Outside the local train station, the Maplewood Civic Association maintains a bulletin board plastered with news of jazz festivals and yoga classes for this small, affluent New Jersey town. One day last winter, an unassuming new flyer appeared, nestled between ones hawking a fish tank and a drum set, titled, “Introducing the Local.” The flyer describes the Local as “a community Web site by you and for these communities, mentored by The New York Times.”
Why is a media titan like The New York Times Co. — already stretched thin by the challenges of a faltering business model — dabbling in community news, traditionally the bottom of the journalistic food chain? Call it the Google Effect. The search giant’s model, described by author John Battelle as “a billion dollars, one nickel at a time,” is a perfect description of how media companies hope to take tiny sources of local revenue and roll them up into big money.
Hyperlocal sites — covering cities, towns, or just a neighborhood — can deliver precision-targeted advertising to local and global businesses. As the once-exponential growth rate for most Internet advertising in the United States grinds to a halt, the online local-advertising market is projected to grow 5.4% in 2009 to $13.3 billion, according to media research firm Borrell Associates.
As it happens, one of the architects of Google’s success, former head of advertising Tim Armstrong, founded a community-news site called Patch that intends to collect those nickels. Armstrong, in his new role as the CEO of AOL, acquired Patch in one of his first moves. And where, of all places, has Patch set up shop? Maplewood.
Hyperlocal seems like a can’t-miss proposition. “There is real demand for good information about our neighborhoods, our children’s schools, our streets, our blocks,” says Jay Rosen, an NYU journalism professor and media blogger. Except for one thing: Success remains perpetually around the corner, constantly predicted yet never fulfilled. While different people have named hyperlocal as a trend to watch every year since 2004, “everybody’s groping for a business model,” says Gordon Joseloff, who fits the all-too-typical norm for this space with his popular, distinguished, and unprofitable site in Westport, Connecticut. The Local and Patch — and by extension, the Times and AOL — may, too, be destined to find the same trouble.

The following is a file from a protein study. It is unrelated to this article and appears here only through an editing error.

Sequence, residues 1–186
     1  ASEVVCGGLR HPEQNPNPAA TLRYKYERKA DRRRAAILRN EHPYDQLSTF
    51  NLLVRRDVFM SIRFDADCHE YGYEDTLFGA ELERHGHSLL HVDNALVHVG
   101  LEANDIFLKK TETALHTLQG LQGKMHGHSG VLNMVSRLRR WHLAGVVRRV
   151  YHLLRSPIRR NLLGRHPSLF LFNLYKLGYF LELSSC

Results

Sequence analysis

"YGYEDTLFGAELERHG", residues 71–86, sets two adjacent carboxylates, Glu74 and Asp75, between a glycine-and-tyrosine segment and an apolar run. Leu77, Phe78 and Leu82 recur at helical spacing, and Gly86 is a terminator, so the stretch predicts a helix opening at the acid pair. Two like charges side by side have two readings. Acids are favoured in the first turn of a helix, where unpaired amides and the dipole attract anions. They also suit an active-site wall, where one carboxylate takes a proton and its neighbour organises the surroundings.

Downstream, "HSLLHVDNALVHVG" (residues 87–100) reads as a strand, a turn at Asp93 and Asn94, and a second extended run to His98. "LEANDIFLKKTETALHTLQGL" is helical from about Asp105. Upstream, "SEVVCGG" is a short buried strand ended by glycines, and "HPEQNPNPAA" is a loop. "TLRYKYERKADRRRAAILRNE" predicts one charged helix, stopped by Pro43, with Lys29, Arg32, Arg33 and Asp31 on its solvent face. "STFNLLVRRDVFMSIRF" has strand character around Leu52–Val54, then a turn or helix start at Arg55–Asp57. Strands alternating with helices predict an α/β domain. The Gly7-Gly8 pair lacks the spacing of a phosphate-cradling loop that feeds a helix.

Carpetbaggers’ Quest for Gold
It is no accident that the Local and Patch each selected Maplewood as its hyperlocal testing ground. Patch engineers “had a computer model of the different factors they wanted,” says Adam Bulger, the self-described “midlevel reporter” who covers Maplewood for Patch. The algorithm looks for civic-minded towns with a central business district instead of a series of strip malls, and high broadband penetration, which correlates with a burg’s affluence.
The Local’s Maplewood editor, Times metro-desk alumna Tina Kelley, lists the same traits, as well as the fact that the town is something of a “reporter’s enclave.” This combination of local features means, of course, that these neighborhoods are likely to have an already-crowded local blogosphere, poised to brand the new ventures as carpetbaggers. When the Local was first announced in Maplewood, the largest of the town’s many home-brewed sites, Maplewood Online, hosted a very active conversation in the “Now the NY Times Invades MOL’s Turf” thread of its community message board. In one of Bulger’s first weeks on the job, a prankster annoyed with Patch’s colonial ambitions tried to trick him into posting a story about local gangs whose leaders happened to share the names of characters from the movie Ghostbusters. The Local has encountered similar resistance to its two sites in blog-filled Brooklyn as well. “They’re worried,” explains the Local’s Kelley, “about the big media companies coming in and taking up [their local sites’]advertising dollars.”
When AOL announced the Patch deal, CEO Armstrong called local advertising “the largest white space” for the company moving forward. “Hyperlocal is going to be a huge, huge market,” says Mark Josephson, CEO of the hyperlocal aggregator Outside.in. “Local advertisers are not online in a major way yet — like they’re going to be.”
Boosters routinely note that more than $100 billion is spent annually on local ads — TV, radio, print, outdoor, direct mail, and online. Although the stat’s origins are fuzzy, what’s clear is how aggressively folks believe those ad dollars are migrating to the Web. Borrell Associates projects an online local-ad market worth $15.5 billion by 2013, fueled mostly by small businesses ditching the Yellow Pages and local newspapers.